eFile.com, an IRS-licensed electronic file software service provider used by many people to file their tax returns, was caught distributing JavaScript malware.

Security researchers claim that the malicious JavaScript file existed on the eFile.com website for weeks. BleepingComputer was able to confirm the existence of the malicious JavaScript file in question, at the time.

Please note that this security incident specifically concerns eFile.com and not identical sound domains or IRS Electronic File Infrastructure.

Just in time for tax season

eFile.com has been caught serving malware, as several users and researchers have spotted it. The malicious JavaScript file in question is called ‘popper.js’:

eFile.com serving malicious popper.js file
The “popper.js” file used by eFile.com on its web pages contains malware

The development comes at a crucial time when US taxpayers are completing their IRS tax returns ahead of the April 18 due date.

The code highlighted above is base64 encoded with its decoded version shown below. The code attempts to load the JavaScript returned by infoamanewonliag[.]on line:


Using Math.random() at the end is likely to prevent caching and load a fresh copy of the malware – if the threat author makes changes to it, each time eFile.com is visit. At the time of writing, the endpoint was no longer operational.

BleepingComputer can confirm that the malicious JavaScript file “popper.js” was loaded by almost all pages of eFile.com, at least until April 1st.

eFile.com pages serving popper.js
eFile.com pages serving poppers.js (Computer Beep)

As of today, the file no longer serves malicious code.

Site “hacked” more than 2 weeks ago

On March 17, a Reddit thread surfaced where several eFile.com users suspected that the website had been “hacked”.

At the time, the website displayed an SSL error message that some claimed appeared to be fake:

SSL error displayed by eFile.com
SSL error displayed by eFile.com (u/SaltyPotter on Reddit)

It turns out that is indeed the case. Researchers spotted an additional “update.js” file associated with this attack that was served by an Amazon AWS endpoint.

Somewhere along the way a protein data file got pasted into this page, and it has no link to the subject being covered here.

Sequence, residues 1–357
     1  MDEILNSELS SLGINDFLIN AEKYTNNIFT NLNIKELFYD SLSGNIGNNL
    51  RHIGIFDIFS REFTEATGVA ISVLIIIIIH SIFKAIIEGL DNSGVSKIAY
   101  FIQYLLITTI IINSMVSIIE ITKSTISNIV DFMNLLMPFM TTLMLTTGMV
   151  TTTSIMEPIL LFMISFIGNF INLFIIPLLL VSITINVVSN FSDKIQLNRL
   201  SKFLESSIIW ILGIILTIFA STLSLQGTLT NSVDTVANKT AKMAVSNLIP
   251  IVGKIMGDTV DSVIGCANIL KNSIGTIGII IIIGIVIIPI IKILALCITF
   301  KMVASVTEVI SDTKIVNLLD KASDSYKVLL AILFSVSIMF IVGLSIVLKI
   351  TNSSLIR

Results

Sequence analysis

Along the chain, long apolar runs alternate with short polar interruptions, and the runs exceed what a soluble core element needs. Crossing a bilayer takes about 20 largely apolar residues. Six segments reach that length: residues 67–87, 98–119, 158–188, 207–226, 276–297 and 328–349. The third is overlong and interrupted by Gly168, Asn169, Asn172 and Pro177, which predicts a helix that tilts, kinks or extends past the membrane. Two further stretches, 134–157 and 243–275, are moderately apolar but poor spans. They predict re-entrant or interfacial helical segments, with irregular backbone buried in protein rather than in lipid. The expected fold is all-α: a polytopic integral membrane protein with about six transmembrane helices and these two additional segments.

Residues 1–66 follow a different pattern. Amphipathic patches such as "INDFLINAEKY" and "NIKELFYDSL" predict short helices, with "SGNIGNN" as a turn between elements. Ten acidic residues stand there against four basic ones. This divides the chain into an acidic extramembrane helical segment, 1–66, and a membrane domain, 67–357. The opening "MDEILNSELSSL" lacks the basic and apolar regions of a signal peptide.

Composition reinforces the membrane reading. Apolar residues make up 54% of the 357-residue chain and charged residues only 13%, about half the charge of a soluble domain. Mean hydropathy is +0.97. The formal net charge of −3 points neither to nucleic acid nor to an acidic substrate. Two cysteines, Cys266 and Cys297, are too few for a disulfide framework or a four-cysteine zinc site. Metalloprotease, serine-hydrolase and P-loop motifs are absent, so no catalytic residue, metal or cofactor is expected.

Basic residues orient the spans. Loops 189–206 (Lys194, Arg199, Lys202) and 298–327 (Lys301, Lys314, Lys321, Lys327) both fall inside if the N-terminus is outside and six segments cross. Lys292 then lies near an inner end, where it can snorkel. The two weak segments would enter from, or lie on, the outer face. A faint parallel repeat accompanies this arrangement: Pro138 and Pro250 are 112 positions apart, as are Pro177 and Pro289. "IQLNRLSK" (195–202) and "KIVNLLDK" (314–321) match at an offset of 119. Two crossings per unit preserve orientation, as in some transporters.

BleepingComputer got the so called ‘update.js’ and we noticed the fake SSL error message present as base64 encoded HTML (highlighted below) inside:

Fake base64 encoded SSL error message
Fake SSL error message that is just base64 encoded HTML (Computer Beep)

An HTML snippet of the decoded string generating the fake SSL error is shown below:

HTML code generating the fake SSL error message
Decoded base64 HTML generating the fake SSL error message (Computer Beep)

The malicious JavaScript file “update.js” further attempts to prompt users to download the next step payload, depending on whether they are using Chrome or not. [update.exe – VirusTotal] or Firefox [installer.exe – VirusTotal]. Some antivirus products have already started reporting these executables as Trojans.

BleepingComputer has independently confirmed that these binaries establish a connection to a Tokyo-based IP address,, which appears to be hosted at Alibaba. The same IP address also hosts the illicit domain, infoamanewonliag[.]on line associated with this problem.

A security research group named MalwareHunterTeam, who then analyzed these binaries, States these contain Windows botnets written in PHP, a fact the research group mocked. Additionally, they called out eFile.com for leaving the malicious code on its website for weeks:

“So the website of [efile.com]…was compromised at least around mid-March and still hasn’t been cleaned up,” writing MalwareHunterTeam.

Referring to a Reddit thread, they further stated, “…even the area serving the payloads was already mentioned 15 days ago. How has this not gotten more attention yet ?”

Dr. Johannes Ulrich of the SANS Institute has also published analysis of the problem.

The extent of this incident, including whether the attack succeeded in infecting eFile.com visitors and customers, remains to be determined.

BleepingComputer approached eFile.com with questions long before publication.

In January 2022, the LockBit ransomware gang claimed he attacked eFile.com. At the time, BleepingComputer did not receive a response from the company confirming or denying an attack.

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